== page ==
Thanos had his post-Snap life all planned out.
He wanted to switch careers from genocidal maniac to simple farmer and, as he said in Avengers: Infinity War, “rest, and watch the sun rise on a grateful universe.”
But the Mad Titan barely had time to enjoy his bamboo garden before he was decapitated by Thor in Avengers: Endgame.
“It seemed like such a waste of good bamboo,” said Dan Gillooly. “So, I brought it home and surrounded a hammock with it in my backyard.”
The bamboo garden is not the only famous foliage planted around Gillooly’s 2,700-square-foot Dade City log cabin. His azaleas are from the set of Big Fish, palm trees from Pain & Gain and a white cactus from the planet Morag from Guardians of Galaxy.
“When I finish a job, I like to find the plants good homes,” he said. “Some stuff I bring to my home.”
As a Hollywood greens coordinator, the University of South Florida graduate and former Tampa resident oversees every plant on the movie set, from the largest trees to the smallest blade of grass.
The scope of Gillooly’s duties fluctuates in size too. Sometimes he repairs a lawn trampled by a film crew. Other times, he is charged with building a set.
The forest on the planet of Berhert where Starlord first encounters his father Ego in Guardians of the Galaxy Vol. 2, for instance, was an empty sound stage before Gillooly populated it with real trees.
“I took an insulation blower and turned it into a gun that sprays ground-up moss and glue,” said Gillooly, 64. “We used that to spray all the trunks and the ground.”
For Endgame, he built the crater in the final battle scene.
“All the trees, root balls, dirt piled up, debris and rubble,” he said.
CGI then expanded upon his work.
“Dan has a way of finding the perfect piece for any set,” said Charlotte Lee, a Plant City native who was a set decoration buyer on Infinity Wars and Endgame. “His work is part of what makes the make-believe believable.”
Gillooly said his most challenging project was transforming downtown New Orleans into a post-apocalyptic wasteland for Dawn of the Planet of the Apes.
“We had to go up 30 feet with ivy on walls,” Gillooly said. “I had three tractor trailers moving materials there.”
His most “magical” experience was turning a barrier island off the coast of Beaufort, S.C., into Vietnam for Forrest Gump.
“You could see magic happening as they filmed,” he said.
Multiple cameras were needed to shoot the scene in which Forrest Gump, against the backdrop of napalm explosions, carries a wounded Bubba out of the jungle. Gillooly said he used foliage to hide each of those cameras and a crane that helped hold up Mykelti Williamson, who portrayed Bubba.
Gillooly also made his acting debut in that film as the helicopter gunman whose glance told Gump and Bubba that he didn’t expect them to survive the war.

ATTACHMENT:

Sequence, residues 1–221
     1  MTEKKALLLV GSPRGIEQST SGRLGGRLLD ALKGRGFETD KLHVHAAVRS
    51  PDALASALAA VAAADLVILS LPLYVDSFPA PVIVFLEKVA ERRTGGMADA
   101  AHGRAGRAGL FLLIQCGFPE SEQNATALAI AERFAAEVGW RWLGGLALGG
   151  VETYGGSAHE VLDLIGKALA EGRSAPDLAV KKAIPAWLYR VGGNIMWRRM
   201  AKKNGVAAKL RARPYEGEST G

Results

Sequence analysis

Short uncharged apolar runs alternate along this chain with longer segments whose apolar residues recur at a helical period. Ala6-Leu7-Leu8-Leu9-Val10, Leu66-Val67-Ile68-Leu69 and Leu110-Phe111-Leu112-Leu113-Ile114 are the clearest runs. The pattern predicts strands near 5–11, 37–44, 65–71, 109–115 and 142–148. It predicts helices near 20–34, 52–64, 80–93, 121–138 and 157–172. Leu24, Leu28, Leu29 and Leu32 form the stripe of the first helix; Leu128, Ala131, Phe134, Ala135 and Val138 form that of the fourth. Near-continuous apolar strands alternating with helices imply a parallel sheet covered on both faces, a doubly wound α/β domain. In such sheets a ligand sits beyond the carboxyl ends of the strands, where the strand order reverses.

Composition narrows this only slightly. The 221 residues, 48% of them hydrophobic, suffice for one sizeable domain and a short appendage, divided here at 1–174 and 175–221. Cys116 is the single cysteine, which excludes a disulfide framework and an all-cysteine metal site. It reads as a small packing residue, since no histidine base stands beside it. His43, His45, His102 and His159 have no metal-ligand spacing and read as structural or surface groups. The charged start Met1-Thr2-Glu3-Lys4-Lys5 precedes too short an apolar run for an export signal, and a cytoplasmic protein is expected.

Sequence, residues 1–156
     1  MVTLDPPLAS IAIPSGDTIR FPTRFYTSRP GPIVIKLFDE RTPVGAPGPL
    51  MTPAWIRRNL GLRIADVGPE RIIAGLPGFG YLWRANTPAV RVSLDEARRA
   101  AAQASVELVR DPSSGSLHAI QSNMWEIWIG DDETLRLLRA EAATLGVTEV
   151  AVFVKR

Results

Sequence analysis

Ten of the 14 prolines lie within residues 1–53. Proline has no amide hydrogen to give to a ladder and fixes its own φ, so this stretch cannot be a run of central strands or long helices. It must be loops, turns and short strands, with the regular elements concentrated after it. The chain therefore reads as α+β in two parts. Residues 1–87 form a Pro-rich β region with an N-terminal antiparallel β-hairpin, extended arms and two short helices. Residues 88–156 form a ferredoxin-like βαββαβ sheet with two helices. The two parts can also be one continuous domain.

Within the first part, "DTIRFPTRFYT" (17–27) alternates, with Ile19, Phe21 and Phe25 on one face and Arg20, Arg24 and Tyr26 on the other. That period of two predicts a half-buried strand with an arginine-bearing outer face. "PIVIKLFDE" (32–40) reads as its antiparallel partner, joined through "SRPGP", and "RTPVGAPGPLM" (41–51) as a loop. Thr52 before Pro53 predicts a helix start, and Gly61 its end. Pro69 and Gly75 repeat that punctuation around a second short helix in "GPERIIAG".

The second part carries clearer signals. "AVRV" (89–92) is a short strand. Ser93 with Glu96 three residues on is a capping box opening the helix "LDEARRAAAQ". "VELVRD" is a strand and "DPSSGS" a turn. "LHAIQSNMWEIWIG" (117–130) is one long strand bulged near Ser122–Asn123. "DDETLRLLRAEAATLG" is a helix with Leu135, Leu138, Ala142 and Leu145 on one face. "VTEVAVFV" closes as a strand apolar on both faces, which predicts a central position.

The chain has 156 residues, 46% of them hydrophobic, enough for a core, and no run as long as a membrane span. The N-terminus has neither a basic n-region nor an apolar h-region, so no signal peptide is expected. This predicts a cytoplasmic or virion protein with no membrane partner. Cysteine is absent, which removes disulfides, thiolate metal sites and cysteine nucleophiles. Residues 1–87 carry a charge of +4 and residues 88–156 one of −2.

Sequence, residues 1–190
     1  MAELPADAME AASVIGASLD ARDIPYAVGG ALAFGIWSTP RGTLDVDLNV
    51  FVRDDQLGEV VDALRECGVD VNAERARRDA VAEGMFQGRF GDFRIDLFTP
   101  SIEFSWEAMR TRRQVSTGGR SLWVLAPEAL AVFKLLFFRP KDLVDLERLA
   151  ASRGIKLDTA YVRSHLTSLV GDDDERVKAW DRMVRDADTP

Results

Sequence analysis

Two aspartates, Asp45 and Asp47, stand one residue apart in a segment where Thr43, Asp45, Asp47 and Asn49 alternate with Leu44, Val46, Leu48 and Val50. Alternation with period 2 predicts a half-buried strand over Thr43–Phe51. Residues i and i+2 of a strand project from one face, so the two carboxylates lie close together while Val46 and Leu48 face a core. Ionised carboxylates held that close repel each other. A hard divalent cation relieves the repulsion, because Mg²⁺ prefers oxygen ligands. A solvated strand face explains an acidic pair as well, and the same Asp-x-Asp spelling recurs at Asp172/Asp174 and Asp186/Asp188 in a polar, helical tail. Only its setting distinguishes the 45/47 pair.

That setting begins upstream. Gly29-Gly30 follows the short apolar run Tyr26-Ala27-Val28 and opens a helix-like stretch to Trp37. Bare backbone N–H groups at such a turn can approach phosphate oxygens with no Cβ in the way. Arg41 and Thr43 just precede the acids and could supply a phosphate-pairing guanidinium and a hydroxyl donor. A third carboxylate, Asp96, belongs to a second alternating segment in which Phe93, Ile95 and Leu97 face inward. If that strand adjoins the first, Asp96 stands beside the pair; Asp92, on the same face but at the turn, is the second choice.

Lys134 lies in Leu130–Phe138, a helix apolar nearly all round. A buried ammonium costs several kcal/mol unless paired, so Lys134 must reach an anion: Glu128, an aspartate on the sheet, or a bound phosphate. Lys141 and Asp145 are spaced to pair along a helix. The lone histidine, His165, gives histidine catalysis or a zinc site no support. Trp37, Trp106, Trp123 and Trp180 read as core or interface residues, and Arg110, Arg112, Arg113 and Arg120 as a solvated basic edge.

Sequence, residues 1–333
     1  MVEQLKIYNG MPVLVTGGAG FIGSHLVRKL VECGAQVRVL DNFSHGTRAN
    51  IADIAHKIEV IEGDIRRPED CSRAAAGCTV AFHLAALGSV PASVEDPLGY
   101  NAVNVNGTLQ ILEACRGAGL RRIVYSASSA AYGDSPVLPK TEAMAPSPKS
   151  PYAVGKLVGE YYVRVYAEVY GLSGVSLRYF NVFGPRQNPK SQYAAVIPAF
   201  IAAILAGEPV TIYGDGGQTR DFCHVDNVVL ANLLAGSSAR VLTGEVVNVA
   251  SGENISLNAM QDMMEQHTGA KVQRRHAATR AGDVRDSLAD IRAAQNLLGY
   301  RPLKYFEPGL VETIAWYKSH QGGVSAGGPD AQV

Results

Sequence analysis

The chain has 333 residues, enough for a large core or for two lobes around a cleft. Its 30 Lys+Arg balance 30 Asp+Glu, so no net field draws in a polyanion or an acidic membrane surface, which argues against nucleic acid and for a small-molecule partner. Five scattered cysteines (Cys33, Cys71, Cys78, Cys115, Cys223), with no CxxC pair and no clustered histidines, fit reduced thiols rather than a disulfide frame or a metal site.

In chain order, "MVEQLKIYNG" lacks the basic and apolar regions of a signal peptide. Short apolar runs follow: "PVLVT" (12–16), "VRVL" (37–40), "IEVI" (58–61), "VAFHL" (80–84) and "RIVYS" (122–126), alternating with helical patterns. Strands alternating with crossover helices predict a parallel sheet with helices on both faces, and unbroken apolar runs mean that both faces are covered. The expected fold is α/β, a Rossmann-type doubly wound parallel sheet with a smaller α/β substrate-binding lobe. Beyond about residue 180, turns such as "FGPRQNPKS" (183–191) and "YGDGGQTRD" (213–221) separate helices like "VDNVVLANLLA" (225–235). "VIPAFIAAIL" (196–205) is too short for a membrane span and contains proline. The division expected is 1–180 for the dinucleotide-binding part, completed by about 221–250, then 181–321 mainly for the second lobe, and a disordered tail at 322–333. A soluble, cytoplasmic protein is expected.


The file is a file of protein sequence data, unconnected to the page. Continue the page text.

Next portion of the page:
“I felt like Robert De Niro in Taxi Driver,” Gillooly said with a laugh. “I practiced that look in the mirror for days.”
That remains his sole acting credit, but he has 51 for the greens department, according to IMDB.com.
“He is number one at what he does,” said retired Tampa prop master Tandova Ecenia, who has worked with Gillooly. “He creates vistas and landscapes.”
He has worked with directors including Steven Spielberg, Robert Zemeckis, Terry Gilliam, the Coen brothers, M. Night Shyamalan, Oliver Stone and Tim Burton, or, as he calls him, “Tim.”
“With Tim you always go big and outrageous,” Gillooly said.
It was on a Burton production that Gillooly received his Hollywood break.
After graduating from USF in 1977 with a fine arts degree, the Cinnaminson, N.J., native went to work for Gandy Photo Studio on Davis Islands before a friend got him into the local stagehand union.
“I mostly did concerts,” Gillooly said. “And then Edward Scissorhands came to town.”
The filmmakers were shooting in Tampa Bay in 1990 and hiring residents.
“They wanted set dressers and carpenters and assistant greensmen,” Gillooly said. “I had no background, but I loved working outside so went with greensman.”
He was initially charged with helping to build the topiaries that Edward Scissorhands creates to wow the neighborhood. Frames welded out of rebar and covered in chicken wire were shaped into a dinosaur and an open hand, among other things.
“We then rigged artificial greenery on every topiary,” Gillooly said.
Once filming began, Gillooly was on set.
“Tim says he is going to pull the camera back and shoot Edward Scissorhands’ castle from the next hill to show off the whole hillside,” Gillooly said.
But there was a major problem: The hill was mostly dirt. So, Gillooly said, he sprang into action. He sliced branches from nearby oak trees to cover the hill.
“It was night and looked like vegetation,” Gillooly said. “I look over and Tim is right next to me throwing limbs.”
Gillooly spent the next three years on local productions until he was hired as assistant greens coordinator for Forrest Gump, shot in 1993 and released in 1994.
Since then, he has worked consistently on blockbusters as boss of his department.
Still, after the last Avengers film wrapped, Gillooly thought his career was in its end game.
He was ready to retire, but Marvel Studios coaxed him into working on three original series being produced for Disney’s streaming service scheduled for a fall launch. He is currently in Atlanta filling studios with plants.
“Marvel keeps offering me exciting opportunities that are hard to turn down,” he said. “But I am staring at 65 in August and wonder how much longer I’ll do this.”
When Gillooly does walk away from Hollywood, he envisions his next phase to be reminiscent of Thanos’ post-Snap life, minus the beheading at the hands of a Norse god wielding an axe forged by the light of a dying star.
“When I saw that shot of Thanos in Infinity War walking through the fields and brushing his hand against plants, I related,” Gillooly said. “That’s how I picture my life.”
Contact Paul Guzzo at firstname.lastname@example.org. Follow @PGuzzoTimes.